Updated: Nov 24, 2020
By Nathan O'Donnell
When I uncoupled the bike for the first time in months from the lamppost outside my house I could see the tyres were flat. It was a sunny afternoon, mid-lockdown. I had to go to the print shop in town to print copies of a zine I’d put together but I wasn’t in any huge hurry. There was time enough for me to walk my bike up to the bike shop on Aughrim Street. I was thinking a lot, at this time, not so much about the work – the work wasn’t happening, or it wasn’t happening in the customary way – but the actions that surround the work, the actions that are also in some ways part of the work. When I got to the bike shop there were three people standing outside already, waiting, all holding bikes – serious bikes, racers, with detachable water bottles and proper lights and helmets and shinguards. I figured they were queuing. There were queues outside every shop now. I pulled my bike in and stood behind them. The actions that surround the work. They didn’t turn or acknowledge me or say anything, just carried on their conversation. I was there maybe three or four minutes when, from across the road, a woman and a young girl, maybe nine, approached the bike shop, both in shorts and flipflops, both with bikes, though their bikes were much less serious than the other people’s bikes, their bikes had big frames wrapped with floral-patterned vinyl and big white saddles and, on the young girl’s bike, golden tassels hanging from the handlebars. The older woman and the girl who may have been grandmother and granddaughter walked past the other people with bikes and went straight to the door of the bike shop. A man came out to serve them. The other people with bikes didn’t say anything. I realised then that these other people with bikes were not queuing after all. But what were they doing, these three people with bikes, standing outside a bike shop? Were they waiting on a friend? No one was allowed to enter the bike shop so I didn’t understand how that could be. Maybe they knew the owner or one of the people working in the bike shop, though they were not interacting with anyone but themselves. They seemed to be completely disconnected from the bike shop, like they had just casually happened to run into one another on the street and it was a simple coincidence that all three of them had bikes and they had met outside the bike shop. Or else they had decided to meet at the bike shop, even though they had no need of the bike shop, simply because they all had bikes and liked bikes so this was a way of expressing their general approbation of bikes and bike shops. But why had they not done me the courtesy to let me know they were not queuing, when I was obviously queuing behind them? I had been leading an online discussion group with other artists, during lockdown, and we’d been talking about this. It was one of the other artists, Sarah, who put it in my head. She was talking about how all these actions that surround the work – going to the supply shop or to the post office, doing studio visits, just fucking meeting people, in your mask, getting shit printed – have become so pronounced now in ways that are unlike anything we remember: magnified and vigilant and fraught. The grandmother pointed to the wheels of her and her granddaughter’s bikes. Both sets of tyres were completely mangled, the thick plastic casing burst, sagging, grinding on the ground. I wondered how they had both managed to blow both tyres so spectacularly. The woman turned to the assembled cyclists, and me, who she had skipped in the queue, and commented on the closeness of the day. ‘I’m sweating,’ she said. The other cyclists ignored her as they had ignored me. She had skipped me in the queue so I ignored her too. She said it again. Again no one responded. The guy who worked in the bike shop took their destroyed bikes inside and told them to come back Tuesday. The zine was just a reassembly of things I’d written before. I took parts at random, or mostly random, and cobbled them together with images from my phone. I couldn’t make anything new. Under the conditions, I couldn’t bring myself to make anything new. Once they were gone, I pushed my bike toward the guy at the bike shop door. I said I’d just taken it out of the shed even though I don’t have a shed. It was rusty, with cobwebs on it, and I wanted to somehow explain that away. I had actually been mildly fixating on this on my way up Aughrim Street. You see I knew the tyres probably just needed a pump. I knew that was all that was wrong. But I didn’t have a pump and it was easier to bring it to the bike shop than to go and find and buy a pump and bring it home and do the work myself. So I pretended to not know the tyres just needed a pump, I said I wasn’t sure, could it be a slow puncture or something, and then I acted surprised when he said no, they probably just need air, and then he went to get the pump and do this very easy minor job for me. I pretended to be surprised that it was so easy to fix, like I could have just fixed it myself had I realised – even though I had realised, and I hadn’t fixed it. When he was done, he handed the bike back to me and I made as if to pay, knowing he wouldn’t take payment, and he shook his head and said, ‘look, if you have any problems, bring it back to me here’. I guess you get used to it, a certain kind of either deeply impractical or constitutionally entitled city cyclist who can’t even be bothered to pump their own tyres. He didn’t seem to mind. He was smiling. I imagine lots of other people do the same. I imagine many of these other people are also gay men. I imagine this as an ‘unmanly’ thing to do; like if I were really invested in my own masculinity I’d have been ashamed to ask this other man to do this simple practical thing I could easily have done myself. Was I performing this shame a little, in acting surprised at the ease with which the problem could be solved? When the truth was I knew and didn’t care because ultimately this was easier. Maybe I was overthinking it. In any case I was grateful to the bike guy, as I cycled away, down Manor Street and toward the city, for maintaining our little fiction. On the first page of the zine, I wrote: ‘I made this zine in April 2020. I couldn’t think. I wasn’t writing anything new. I was in this state of suspension, I couldn’t understand how anyone could write in this state of suspension. All I could think to do was to find new ways of circulating things that already existed.’ When I got to Nassau Street there was a man from the council, or at least I think he was a man from the council, with an implement, he was holding it like a camera but I don’t think it was a camera, he was pointing it at a large steel structure protruding from the ground, a steel frame with a digital panel in the middle on which was an ad for a chain of petrol stations, like he was measuring it, with his camera or not-camera. There are several of these steel structures pitted around Dublin; I know I had seen them before but had never really stopped to take them in. When I looked it up later, I saw that these structures were referred to by the advertising company who produces them as ‘digipanels’; they are part of ‘Dublin’s first one-street digital network’, with structures across the city, all stamped with the Dublin City Council logo. This company also manages the advertisements on the city’s bus shelters and tram and rail hoardings, and a network of digital billboards, as well as what are referred to on the website as ‘Europanels’ and ‘digipoles’. I was trying to lock my bike at one of the bike stands near the digipanel, next to the entrance to the building within which the print shop was located, but I couldn’t get my lock to work. It was one of those U-shaped locks which is straight at one end but with a little curl at the other where the U is supposed to be fixed back into the handle. I had managed to open it and hook it around my bike but now I couldn’t get the key to turn and close it again I couldn’t get the curly bit to go back in the handle. The actions that surround the work. I was standing there, fiddling with it, getting exasperated, while the man from the council stood nearby, regarding the digital advertising, pointing his camera at it and then putting it down again. At one point the lock fell on the ground and I shouted ‘O for the love of fuck’ and the man from the council turned around and laughed like he felt it too, like this sense of frustration was a common and ever-present form of feeling available as if on tap, like an underground current or something, like water that’s always flowing, always there. I laughed as well. With the assembled artists’ group, on Zoom, we had a discussion about our work, kind of, though we didn’t really talk about the specifics of our work. Instead we talked about the challenges we were facing – the incapacity, now, to think in terms of the longer-term generative self-sustaining processes which we all seemed to feel was our most important work. We were all just focusing on commissions, or throwaway things, fragments, parts. And this was liberating in one way but it was also fucked. We turned away from each other, then, the council man to carry on documenting the digipanel or whatever it was he’d been doing before I interrupted and I to go on wrestling with my lock.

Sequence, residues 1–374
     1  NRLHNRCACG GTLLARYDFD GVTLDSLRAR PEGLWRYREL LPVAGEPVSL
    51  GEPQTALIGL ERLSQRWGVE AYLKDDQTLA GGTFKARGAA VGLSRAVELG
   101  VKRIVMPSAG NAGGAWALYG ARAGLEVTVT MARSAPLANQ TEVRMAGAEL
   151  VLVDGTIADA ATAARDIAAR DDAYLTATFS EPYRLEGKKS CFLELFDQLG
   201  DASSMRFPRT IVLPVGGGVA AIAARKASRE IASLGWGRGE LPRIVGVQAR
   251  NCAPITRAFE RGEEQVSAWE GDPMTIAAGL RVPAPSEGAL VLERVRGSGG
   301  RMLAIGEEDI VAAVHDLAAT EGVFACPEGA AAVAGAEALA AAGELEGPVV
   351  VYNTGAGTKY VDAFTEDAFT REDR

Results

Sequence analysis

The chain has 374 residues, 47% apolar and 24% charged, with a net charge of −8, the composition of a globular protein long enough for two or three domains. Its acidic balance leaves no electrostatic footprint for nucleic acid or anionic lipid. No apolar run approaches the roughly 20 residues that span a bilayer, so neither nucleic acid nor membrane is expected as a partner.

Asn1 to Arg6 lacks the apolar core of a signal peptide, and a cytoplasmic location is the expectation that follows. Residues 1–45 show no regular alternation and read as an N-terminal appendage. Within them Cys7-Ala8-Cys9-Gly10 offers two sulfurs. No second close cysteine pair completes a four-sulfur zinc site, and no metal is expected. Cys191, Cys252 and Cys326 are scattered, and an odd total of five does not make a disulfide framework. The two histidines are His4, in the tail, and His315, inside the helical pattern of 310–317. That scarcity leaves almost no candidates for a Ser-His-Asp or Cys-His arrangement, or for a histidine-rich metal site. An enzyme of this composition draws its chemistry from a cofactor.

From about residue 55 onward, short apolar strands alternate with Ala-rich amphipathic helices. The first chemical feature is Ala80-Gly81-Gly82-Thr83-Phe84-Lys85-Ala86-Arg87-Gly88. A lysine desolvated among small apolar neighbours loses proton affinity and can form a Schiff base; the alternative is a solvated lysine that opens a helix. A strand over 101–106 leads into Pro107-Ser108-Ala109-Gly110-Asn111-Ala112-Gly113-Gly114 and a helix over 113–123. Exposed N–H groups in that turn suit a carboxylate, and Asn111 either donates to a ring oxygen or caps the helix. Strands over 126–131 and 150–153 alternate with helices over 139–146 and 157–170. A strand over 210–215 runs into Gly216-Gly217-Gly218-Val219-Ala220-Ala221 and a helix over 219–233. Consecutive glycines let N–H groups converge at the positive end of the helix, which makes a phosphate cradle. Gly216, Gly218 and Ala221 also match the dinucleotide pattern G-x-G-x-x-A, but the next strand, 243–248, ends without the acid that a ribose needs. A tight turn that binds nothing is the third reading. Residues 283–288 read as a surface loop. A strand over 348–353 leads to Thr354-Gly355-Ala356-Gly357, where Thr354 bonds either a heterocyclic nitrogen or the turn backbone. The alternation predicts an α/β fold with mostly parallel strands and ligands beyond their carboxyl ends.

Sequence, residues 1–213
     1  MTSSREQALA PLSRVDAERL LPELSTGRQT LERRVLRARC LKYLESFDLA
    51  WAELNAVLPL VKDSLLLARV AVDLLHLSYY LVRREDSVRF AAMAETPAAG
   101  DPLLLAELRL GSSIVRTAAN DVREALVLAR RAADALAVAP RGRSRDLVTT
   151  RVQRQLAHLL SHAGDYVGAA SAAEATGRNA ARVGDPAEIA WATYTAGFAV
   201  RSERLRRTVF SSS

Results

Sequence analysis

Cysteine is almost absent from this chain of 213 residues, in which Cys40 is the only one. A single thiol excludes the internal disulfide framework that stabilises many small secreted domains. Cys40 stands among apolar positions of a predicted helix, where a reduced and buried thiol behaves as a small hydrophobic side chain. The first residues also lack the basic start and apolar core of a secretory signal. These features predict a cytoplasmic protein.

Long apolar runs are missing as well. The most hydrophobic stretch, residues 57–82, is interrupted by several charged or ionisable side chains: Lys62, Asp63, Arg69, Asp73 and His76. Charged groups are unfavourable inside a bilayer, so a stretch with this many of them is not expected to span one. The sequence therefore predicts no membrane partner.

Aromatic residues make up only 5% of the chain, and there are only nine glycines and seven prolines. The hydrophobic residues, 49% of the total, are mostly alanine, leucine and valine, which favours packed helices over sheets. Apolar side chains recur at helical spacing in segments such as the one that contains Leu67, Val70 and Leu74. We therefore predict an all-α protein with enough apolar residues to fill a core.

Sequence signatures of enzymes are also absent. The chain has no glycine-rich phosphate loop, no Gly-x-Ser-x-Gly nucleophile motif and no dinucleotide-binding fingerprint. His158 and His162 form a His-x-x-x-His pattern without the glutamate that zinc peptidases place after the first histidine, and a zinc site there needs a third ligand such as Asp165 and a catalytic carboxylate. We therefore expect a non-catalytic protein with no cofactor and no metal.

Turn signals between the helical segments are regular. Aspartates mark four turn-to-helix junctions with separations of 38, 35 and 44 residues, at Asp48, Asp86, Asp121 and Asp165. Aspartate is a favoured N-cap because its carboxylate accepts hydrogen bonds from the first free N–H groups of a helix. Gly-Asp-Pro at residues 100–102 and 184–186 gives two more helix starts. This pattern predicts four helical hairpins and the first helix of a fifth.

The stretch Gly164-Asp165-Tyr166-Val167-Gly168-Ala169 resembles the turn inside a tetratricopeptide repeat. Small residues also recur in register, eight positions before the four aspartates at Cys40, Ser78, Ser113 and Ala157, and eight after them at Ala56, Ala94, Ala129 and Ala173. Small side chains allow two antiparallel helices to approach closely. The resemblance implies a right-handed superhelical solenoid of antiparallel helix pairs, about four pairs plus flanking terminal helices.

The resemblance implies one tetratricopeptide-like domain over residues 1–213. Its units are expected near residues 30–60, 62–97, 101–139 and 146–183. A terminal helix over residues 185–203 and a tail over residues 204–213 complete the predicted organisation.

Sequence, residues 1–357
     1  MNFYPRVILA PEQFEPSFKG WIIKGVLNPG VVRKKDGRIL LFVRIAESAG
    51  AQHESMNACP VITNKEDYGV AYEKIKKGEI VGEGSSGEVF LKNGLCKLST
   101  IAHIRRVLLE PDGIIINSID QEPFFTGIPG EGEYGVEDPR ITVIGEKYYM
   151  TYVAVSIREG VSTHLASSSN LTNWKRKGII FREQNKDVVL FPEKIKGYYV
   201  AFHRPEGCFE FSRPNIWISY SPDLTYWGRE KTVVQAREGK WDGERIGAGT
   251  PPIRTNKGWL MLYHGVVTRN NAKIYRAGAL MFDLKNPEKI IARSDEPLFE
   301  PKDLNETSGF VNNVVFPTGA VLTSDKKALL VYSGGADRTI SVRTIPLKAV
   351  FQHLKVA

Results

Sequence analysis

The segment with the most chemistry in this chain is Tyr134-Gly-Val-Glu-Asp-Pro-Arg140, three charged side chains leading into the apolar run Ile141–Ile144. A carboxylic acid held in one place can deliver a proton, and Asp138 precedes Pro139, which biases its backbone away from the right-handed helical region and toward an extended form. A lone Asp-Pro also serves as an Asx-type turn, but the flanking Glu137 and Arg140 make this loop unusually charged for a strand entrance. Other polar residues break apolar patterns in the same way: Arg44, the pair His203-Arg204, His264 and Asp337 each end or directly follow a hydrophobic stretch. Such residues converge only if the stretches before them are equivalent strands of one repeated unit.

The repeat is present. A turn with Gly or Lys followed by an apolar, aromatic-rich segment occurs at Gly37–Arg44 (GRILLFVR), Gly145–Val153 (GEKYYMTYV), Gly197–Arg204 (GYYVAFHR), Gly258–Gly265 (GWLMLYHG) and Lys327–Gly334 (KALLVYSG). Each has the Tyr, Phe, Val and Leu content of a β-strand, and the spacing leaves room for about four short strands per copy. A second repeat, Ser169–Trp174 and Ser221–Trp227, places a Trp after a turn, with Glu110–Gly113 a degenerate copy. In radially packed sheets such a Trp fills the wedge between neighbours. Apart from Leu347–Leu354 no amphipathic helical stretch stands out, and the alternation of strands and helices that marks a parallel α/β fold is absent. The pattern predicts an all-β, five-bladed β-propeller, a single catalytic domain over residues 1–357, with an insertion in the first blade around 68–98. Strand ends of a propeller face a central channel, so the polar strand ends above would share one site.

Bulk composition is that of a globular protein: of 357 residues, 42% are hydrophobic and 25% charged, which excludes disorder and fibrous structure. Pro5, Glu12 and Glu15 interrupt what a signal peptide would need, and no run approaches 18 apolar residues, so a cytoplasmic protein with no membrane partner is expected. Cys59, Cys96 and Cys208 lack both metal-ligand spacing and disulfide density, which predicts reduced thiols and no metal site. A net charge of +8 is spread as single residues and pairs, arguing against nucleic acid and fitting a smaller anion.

Nathan O'Donnell is a Dublin-based writer and researcher, and one of the co-editors of the Irish journal of contemporary art criticism,Paper Visual Art. He has published in several magazines, journals, and has written exhibition texts and worked collaboratively with other artists and writers; he has also delivered a number of public art projects and educational initiatives. His first solo exhibition,The Centre for Indisciplinary Research, opened at the Illuminations Gallery in Maynooth University in March 2020. He has been a research fellow at the Irish Museum of Modern Art since 2017 and he will be writer-in-residence at Maynooth University 2020–21.